verse 3 “saying: Hosanna, blessed be the name of the most high God” See the commentary for D&C 19:37.
4 And now this calling and commandment give I unto you concerning all men—
verse 4 This verse alerts the hearer to the following four verses, verses 5-8, which are directed to the church leadership and concern church policy in dealing with all men.
5 That as many as shall come before my servants Sidney Rigdon and Joseph Smith, Jun., embracing this calling and commandment, shall be ordained and sent forth to preach the everlasting gospel among the nations—
verse 5 “this calling and commandment” The calling is the one just given to Edward Partridge in verse 1 “to preach my gospel.” The commandment is the commandment in verse 3 to declare the kingdom “with a loud voice.” In other words, whoever wants to be a missionary and preach the kingdom of God may, from this time on, be ordained and sent out by church leaders—provided they are worthy.
6 Crying repentance, saying: Save yourselves from this untoward generation, and come forth out of the fire, hating even the garments spotted with the flesh.
verse 6 “this untoward generation” The language here cites the King James translation of Acts 2:40 where the Greek word skolia—translated “untoward”—means “crooked” or “perverse.” Something that is crooked or perverse will not go straight towards its proper object, and is therefore untoward.
“hating even the garments spotted with the flesh” This is an allusion to Jude 1:23. Both Jews and Jewish Christians in Jesus’s day, largely due to rules in the law of Moses, had a tremendous aversion to bodily fluids and discharges (see Leviticus 13:4759; 15). Garments spotted by disease or by the reproductive organs and their discharges were considered unclean and had to be either washed, torn, or burned depending upon the source and circumstances of the pollution.
Similarly, in the gospel covenant our aversion to moral disease or pollution ought to be so strong that we respond sharply and negatively to even the slightest indication of it. “Garments spotted with flesh are garments defiled by the practices of carnal desires and disobedience to the commandments of the Lord” (Smith, Church History and Modern Revelation, 1:163).
President Smith added: “We are commanded to keep our garments unspotted from all sin, from every practice that defiles. We are therefore commanded to come out of the world of weakness and forsake the things of this world” (Ibid., 1:150).
Elder Bruce R. McConkie also addressed this topic: “To stay the spread of disease in ancient Israel, clothing spotted by contagious diseases was destroyed by burning (Leviticus 13:47-59; 15:4-17). And so with sin in the Church, the saints are to avoid the remotest contact with it; the very garments, as it were, of the sinners are to be burned with fire, meaning that anything which has had contact with the pollutions of the wicked must be shunned” (Doctrinal New Testament Commentary, 3:428).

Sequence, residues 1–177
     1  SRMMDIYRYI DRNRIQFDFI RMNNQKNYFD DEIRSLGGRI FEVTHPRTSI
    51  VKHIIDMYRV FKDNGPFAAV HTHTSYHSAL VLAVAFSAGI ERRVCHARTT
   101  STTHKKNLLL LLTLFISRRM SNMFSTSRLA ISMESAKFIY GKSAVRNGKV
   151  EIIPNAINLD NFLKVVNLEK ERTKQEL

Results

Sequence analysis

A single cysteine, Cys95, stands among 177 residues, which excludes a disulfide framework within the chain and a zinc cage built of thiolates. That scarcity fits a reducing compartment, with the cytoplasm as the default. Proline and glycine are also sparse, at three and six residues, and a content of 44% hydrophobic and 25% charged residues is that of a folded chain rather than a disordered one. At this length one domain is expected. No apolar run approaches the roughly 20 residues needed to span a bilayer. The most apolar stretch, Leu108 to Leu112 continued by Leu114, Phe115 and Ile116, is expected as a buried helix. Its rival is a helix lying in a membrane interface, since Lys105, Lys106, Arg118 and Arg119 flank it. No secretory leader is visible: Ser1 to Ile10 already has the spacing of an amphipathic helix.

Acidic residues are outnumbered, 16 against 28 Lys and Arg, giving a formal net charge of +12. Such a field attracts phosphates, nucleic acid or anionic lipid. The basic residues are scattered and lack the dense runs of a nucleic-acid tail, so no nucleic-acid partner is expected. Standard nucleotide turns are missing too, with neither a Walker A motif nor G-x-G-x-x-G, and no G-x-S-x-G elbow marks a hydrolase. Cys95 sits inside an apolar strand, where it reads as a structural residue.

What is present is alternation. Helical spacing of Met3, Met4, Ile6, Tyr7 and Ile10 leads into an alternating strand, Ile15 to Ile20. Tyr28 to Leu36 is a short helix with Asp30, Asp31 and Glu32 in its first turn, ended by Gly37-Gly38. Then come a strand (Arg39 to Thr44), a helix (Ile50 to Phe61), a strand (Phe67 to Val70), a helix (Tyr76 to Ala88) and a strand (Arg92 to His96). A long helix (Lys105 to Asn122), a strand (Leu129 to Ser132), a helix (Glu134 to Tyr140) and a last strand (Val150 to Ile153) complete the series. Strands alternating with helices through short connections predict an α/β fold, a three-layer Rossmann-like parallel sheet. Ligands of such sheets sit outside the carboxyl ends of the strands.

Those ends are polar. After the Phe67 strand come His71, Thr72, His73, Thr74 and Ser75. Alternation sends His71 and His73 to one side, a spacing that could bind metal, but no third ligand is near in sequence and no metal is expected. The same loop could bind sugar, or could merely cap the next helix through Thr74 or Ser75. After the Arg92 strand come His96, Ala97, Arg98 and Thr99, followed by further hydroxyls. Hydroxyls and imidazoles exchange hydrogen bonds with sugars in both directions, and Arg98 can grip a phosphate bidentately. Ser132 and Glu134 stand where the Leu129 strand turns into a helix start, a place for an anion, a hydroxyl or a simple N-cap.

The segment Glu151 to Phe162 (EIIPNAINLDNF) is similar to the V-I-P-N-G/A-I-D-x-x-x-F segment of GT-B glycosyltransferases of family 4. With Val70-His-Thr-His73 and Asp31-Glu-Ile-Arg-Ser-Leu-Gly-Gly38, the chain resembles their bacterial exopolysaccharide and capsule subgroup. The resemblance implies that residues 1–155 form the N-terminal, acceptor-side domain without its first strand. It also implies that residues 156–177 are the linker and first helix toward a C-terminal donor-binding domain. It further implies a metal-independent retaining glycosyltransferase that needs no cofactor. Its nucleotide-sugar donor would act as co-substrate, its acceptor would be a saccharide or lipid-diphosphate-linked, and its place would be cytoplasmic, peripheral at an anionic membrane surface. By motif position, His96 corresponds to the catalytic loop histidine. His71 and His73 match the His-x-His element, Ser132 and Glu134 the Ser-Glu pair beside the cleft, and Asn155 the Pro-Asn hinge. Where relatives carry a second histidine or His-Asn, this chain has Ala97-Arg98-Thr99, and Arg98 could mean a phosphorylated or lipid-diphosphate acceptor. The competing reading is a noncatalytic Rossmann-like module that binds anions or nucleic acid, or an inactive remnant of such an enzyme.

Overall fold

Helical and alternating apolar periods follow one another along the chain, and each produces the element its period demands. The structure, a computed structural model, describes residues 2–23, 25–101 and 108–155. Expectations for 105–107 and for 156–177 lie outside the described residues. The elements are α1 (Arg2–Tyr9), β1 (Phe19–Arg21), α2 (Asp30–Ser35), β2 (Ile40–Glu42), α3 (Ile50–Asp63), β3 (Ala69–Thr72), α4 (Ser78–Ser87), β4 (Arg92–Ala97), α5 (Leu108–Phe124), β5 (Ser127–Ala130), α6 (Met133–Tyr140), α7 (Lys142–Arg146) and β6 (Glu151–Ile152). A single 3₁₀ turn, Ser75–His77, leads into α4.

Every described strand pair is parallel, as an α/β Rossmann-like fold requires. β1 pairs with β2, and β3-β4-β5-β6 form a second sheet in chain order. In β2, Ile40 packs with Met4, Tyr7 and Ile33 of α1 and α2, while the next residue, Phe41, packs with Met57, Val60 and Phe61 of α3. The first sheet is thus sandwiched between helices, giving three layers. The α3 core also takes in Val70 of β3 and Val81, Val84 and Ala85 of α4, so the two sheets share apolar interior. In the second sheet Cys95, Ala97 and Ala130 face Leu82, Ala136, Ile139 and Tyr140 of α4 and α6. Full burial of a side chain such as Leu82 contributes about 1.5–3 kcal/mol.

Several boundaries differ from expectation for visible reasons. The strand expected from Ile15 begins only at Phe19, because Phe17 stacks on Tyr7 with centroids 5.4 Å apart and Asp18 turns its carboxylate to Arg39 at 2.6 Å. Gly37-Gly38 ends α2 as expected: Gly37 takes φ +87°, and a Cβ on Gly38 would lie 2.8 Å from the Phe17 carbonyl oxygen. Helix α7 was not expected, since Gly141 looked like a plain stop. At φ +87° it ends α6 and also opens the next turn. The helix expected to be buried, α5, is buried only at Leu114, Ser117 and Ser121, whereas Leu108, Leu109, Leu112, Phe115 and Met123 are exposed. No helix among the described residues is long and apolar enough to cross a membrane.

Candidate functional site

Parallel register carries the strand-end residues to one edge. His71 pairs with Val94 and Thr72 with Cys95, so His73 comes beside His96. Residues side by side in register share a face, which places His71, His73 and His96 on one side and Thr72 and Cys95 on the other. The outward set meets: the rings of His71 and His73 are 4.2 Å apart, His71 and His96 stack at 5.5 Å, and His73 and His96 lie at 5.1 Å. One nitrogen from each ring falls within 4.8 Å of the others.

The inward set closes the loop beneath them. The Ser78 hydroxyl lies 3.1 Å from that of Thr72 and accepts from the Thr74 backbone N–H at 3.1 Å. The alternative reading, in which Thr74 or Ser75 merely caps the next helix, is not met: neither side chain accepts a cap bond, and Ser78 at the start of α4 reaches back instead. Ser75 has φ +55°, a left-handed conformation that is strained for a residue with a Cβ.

7 And this commandment shall be given unto the elders of my church, that every man which will embrace it with singleness of heart may be ordained and sent forth, even as I have spoken.
verse 7 Even in Joseph Smith’s day, every worthy male member of the Church had at least some obligation to enter missionary service and preach the gospel of Jesus Christ (see also verses 4-5).
8 I am Jesus Christ, the Son of God; wherefore, gird up your loins and I will suddenly come to my temple. Even so. Amen.
verse 8 “gird up your loins” The Hebrews wore loose-fitting robes which were cumbersome if they had to work, run, or walk long distances. Hence, to prepare for any of these activities they would gather their loose clothing, bring it between their legs and tuck it in their sash. In this way they were left unencumbered. Hence, in biblical language, to “gird up your loins” is to prepare for a journey, for work, or for battle. An equivalent modern expression might be “Roll up your sleeves.”
“I will suddenly come to my temple” This is the first time in this dispensation the temple is mentioned. There was no temple in the Church at this time. Perhaps the Lord is simply foreshadowing the construction of future temples in Kirtland and Nauvoo. Again, the word “suddenly” means that he will come when he is least expected.
- Michael J. Preece